Lindsey Shere’s Almond Tart

By Genius Recipes
December 14, 2016
33 Comments


Author Notes: This tart has an infamous reputation as being difficult, but trust me that it's not if you pay attention to the instructions. And it will be worth it: David Lebovitz wrote or this tart, “It’s the most delicious thing I’ve probably ever had.” I agree. Recipe adapted slightly from Chez Panisse Desserts (Random House, 1985).Genius Recipes

Makes: one 9-inch tart
Prep time: 4 hrs
Cook time: 1 hrs 30 min

Ingredients

For the tart:

  • 1 9-inch unbaked short crust tart shell (see below)
  • 1 piece tart pastry for patching (see note in step 2)
  • 3/4 cup whipping cream
  • 3/4 cup sugar
  • 1 teaspoon Grand Marnier
  • 2 drops almond extract (3 for stronger flavor)
  • 1 cup (3 oz./85 g) sliced almonds (blanched or unblanched)

For the short crust pastry:

  • 1 cup (140 g) all-purpose flour
  • 1 tablespoon sugar
  • 1/4 teaspoon salt
  • 1/2 cup (115 grams) unsalted butter, not too cold
  • 1 tablespoon water
  • 1/2 teaspoon vanilla extract
  • 3 drops almond extract

Directions

For the tart:

  1. Bake the shell in a removable-rim tart pan in a preheated 375° F oven until the shell golden brown all over, 20 to 30 minutes. It should be fully baked because the pastry will not bake much more once it is filled. (Note: I haven't seen this happen, but per David Lebovitz, if the sides collapse in the oven, you can take it out midway during baking, and push the half-baked dough back up the sides.) Mix cream, sugar, and flavorings in a large saucepan (it should have enough room for the mixture to triple in volume, just in case it bubbles up quickly), stirring well. Heat until it comes to a rolling boil, stirring occasionally. Remove from the heat, mix in the almonds, and let the mixture stand about 15 minutes.
  2. Meanwhile, patch the dough if necessary. Smooth a small piece of very soft dough gently over any crack that looks like it goes all the way through the shell. (Note: If you forgot to save some dough, David Lebovitz recommends mixing a thick slurry of flour and water and smoothing that in, instead. It works!) Be careful not to break through the crisp top of the baked crust if you can avoid it. Fill the shell with the still warm filling, which will be quite liquid. Make sure the almonds float evenly in the filling. If they are gathered on the top of the liquid mixture, the finished tart will have a cornflake-like texture instead of the glossy surface you want.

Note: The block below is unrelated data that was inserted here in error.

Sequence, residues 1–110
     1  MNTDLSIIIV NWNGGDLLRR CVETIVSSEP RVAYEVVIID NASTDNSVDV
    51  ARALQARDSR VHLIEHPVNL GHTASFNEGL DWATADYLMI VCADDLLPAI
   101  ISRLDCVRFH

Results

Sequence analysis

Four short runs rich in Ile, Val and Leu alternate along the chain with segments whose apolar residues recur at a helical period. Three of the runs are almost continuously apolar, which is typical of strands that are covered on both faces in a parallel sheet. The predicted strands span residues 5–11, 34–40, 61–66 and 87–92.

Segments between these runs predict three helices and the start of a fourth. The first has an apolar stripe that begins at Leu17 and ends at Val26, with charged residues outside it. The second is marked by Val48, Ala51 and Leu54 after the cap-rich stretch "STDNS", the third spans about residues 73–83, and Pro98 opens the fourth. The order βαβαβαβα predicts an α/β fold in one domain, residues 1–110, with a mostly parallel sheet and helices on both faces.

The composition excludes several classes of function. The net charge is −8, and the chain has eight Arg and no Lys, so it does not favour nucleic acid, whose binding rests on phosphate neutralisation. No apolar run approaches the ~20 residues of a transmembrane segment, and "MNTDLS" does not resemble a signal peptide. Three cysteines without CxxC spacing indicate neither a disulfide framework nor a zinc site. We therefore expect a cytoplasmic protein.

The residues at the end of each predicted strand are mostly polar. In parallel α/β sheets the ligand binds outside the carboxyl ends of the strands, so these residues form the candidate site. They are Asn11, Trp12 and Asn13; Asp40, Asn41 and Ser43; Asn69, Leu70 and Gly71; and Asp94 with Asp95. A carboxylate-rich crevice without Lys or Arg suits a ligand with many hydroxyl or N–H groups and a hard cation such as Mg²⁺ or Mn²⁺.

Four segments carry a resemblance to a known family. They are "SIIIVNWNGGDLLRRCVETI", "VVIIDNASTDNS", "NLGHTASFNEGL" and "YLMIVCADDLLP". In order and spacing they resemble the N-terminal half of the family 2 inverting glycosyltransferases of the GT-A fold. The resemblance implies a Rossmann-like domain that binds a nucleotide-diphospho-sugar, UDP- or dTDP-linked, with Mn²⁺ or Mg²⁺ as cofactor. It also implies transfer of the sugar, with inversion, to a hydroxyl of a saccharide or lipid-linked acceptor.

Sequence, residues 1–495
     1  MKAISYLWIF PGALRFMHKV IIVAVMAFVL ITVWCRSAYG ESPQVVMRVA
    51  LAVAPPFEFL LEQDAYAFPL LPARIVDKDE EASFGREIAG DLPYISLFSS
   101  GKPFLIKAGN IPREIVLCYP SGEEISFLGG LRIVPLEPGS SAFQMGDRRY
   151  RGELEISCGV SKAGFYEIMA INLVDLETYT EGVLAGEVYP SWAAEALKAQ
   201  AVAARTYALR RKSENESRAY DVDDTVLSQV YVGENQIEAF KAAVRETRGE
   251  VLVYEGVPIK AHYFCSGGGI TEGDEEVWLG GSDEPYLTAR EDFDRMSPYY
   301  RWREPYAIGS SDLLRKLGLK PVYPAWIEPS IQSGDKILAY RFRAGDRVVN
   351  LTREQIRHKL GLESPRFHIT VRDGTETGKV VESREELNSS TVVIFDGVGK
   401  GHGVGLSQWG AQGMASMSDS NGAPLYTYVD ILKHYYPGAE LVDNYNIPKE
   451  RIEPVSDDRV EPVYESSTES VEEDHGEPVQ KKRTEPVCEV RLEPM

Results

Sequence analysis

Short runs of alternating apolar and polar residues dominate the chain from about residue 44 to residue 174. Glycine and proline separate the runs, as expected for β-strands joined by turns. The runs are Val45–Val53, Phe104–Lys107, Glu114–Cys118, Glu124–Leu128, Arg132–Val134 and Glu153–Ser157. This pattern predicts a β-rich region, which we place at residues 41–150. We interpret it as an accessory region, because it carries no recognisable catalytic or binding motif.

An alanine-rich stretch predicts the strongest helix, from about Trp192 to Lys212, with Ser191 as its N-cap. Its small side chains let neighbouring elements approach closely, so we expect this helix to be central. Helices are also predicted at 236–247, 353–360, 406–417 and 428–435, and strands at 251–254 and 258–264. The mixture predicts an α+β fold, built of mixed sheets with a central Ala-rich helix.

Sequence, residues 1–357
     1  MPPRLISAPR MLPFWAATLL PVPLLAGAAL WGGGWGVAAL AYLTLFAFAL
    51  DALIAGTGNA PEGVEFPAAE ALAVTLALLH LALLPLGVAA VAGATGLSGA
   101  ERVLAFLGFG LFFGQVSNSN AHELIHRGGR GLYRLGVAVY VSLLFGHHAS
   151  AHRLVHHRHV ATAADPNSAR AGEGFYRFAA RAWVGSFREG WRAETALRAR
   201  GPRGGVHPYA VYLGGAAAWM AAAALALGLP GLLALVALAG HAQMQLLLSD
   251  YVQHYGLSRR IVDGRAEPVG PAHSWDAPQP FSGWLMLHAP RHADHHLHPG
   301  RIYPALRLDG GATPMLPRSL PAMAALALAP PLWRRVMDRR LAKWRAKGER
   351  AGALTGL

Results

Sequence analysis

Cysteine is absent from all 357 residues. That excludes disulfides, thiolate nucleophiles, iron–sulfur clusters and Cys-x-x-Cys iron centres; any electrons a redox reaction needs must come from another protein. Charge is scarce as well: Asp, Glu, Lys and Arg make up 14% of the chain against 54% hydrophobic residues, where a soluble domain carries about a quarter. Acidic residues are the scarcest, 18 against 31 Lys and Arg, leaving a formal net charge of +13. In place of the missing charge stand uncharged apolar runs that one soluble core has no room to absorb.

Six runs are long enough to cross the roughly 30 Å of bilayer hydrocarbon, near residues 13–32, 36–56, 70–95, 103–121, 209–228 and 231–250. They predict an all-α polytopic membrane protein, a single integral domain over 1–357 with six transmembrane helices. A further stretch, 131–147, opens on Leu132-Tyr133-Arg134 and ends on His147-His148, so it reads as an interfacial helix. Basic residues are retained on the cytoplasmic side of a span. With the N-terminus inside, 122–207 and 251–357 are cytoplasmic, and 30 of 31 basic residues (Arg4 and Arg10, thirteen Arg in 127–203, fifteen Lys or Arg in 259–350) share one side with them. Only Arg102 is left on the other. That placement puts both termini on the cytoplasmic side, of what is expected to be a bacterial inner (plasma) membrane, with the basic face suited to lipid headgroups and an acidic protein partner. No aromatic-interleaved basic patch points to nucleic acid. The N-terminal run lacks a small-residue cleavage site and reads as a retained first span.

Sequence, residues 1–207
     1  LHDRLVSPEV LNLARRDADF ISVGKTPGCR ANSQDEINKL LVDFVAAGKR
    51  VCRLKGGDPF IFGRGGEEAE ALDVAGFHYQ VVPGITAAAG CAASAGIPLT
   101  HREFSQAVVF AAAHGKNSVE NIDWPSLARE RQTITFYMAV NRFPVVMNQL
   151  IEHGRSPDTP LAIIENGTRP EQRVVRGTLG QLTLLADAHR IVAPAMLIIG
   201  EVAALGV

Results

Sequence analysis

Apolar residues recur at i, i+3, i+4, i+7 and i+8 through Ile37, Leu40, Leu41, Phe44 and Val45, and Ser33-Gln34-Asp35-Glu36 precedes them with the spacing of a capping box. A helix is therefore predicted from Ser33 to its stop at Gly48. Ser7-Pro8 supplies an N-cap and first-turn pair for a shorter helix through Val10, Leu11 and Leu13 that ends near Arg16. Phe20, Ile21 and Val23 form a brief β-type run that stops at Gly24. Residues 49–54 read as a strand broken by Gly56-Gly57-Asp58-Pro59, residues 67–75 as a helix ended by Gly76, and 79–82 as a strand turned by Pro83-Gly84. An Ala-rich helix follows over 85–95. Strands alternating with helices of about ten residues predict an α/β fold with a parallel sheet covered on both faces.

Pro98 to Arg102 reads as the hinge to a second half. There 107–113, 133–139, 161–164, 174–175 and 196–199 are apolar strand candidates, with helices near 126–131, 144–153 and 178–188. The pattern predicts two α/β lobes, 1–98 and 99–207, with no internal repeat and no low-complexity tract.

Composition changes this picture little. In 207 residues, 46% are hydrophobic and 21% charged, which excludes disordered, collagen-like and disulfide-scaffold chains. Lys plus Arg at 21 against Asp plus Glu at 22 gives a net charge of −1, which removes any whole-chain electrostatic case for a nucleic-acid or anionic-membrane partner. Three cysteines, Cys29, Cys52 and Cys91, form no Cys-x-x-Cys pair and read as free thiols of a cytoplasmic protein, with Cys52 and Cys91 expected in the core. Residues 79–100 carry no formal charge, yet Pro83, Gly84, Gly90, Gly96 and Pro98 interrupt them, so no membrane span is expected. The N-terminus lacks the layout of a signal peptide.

3. Set the tart into a preheated 400° F oven, the bottom of which has been lined with aluminum foil, dull side up—the tart may bubble over. Bake 30 to 35 minutes, or until the top is a nice shade of creamy-and-russet caramel; remember that it will continue to brown a little more when you take it out of the oven. Cool the tart on a rack, loosening the sides of the pan slightly every minute or two for 5 to 10 minutes or until set. Then remove the tart from the ring and return it to the rack to cool. If you remove the ring of the pan too soon the sides will fall off the tart.
  4. If you want to remove the tart from the bottom of its pan, carefully slide a thin knife between pastry and pan while the tart is still warm, 15 to 20 minutes after it comes out of the oven. Then lift the tart off the bottom of the pan with a wide spatula and return it to the rack to finish cooling.
  5. This tart is best eaten with the fingers; it is too hard to cut easily with a fork. It is good accompanied by a glass of Sauternes (but not too sweet, or too rare!) or Champagne—or a glass of milk, or coffee. Is is a good picnic dessert because it is virtually indestructible.
  6. This recipe was adapted from Mapie’s La Cuisine de France, and modified for a different texture. It immediately became identified, for better or worse, as the house specialty of Chez Panisse.

For the short crust pastry:

  1. Mix the flour, sugar, and salt. If you use salted butter, omit the salt. Cut the butter into 1/2-inch slices and work it into the flour mixture with your hands or a pastry blender until the butter is in cornmeal sized pieces and the mixture is beginning to hold together—the softer your butter is, the faster this will happen.
  2. Combine the water, vanilla, and almond extract and work it into the flour-butter mixture just until the pastry is blended and will hold together if you press it. Gather it into a ball and wrap it in plastic. Let it rest for 30 minutes so the flour will absorb the moisture more completely. At this point you can wrap the pastry in foil and freeze for up to a month.
  3. Press the pastry into a 9-inch tart pan with a removable rim, making sure that you have a layer of even thickness over the bottom and the sides. Do not use a black tart pan; the shell may burn if you do. (Or if that’s all you have, just watch it closely in the oven.) If at any point it gets too sticky and unmanageable, stick it in the refrigerator for a few minutes to until it's firm enough to press without sticking to your fingers. Before baking, set the shell in the freezer for 30 minutes or overnight, wrapped in foil. You don’t need to fill the shell with beans before baking: this pastry doesn’t shrink much.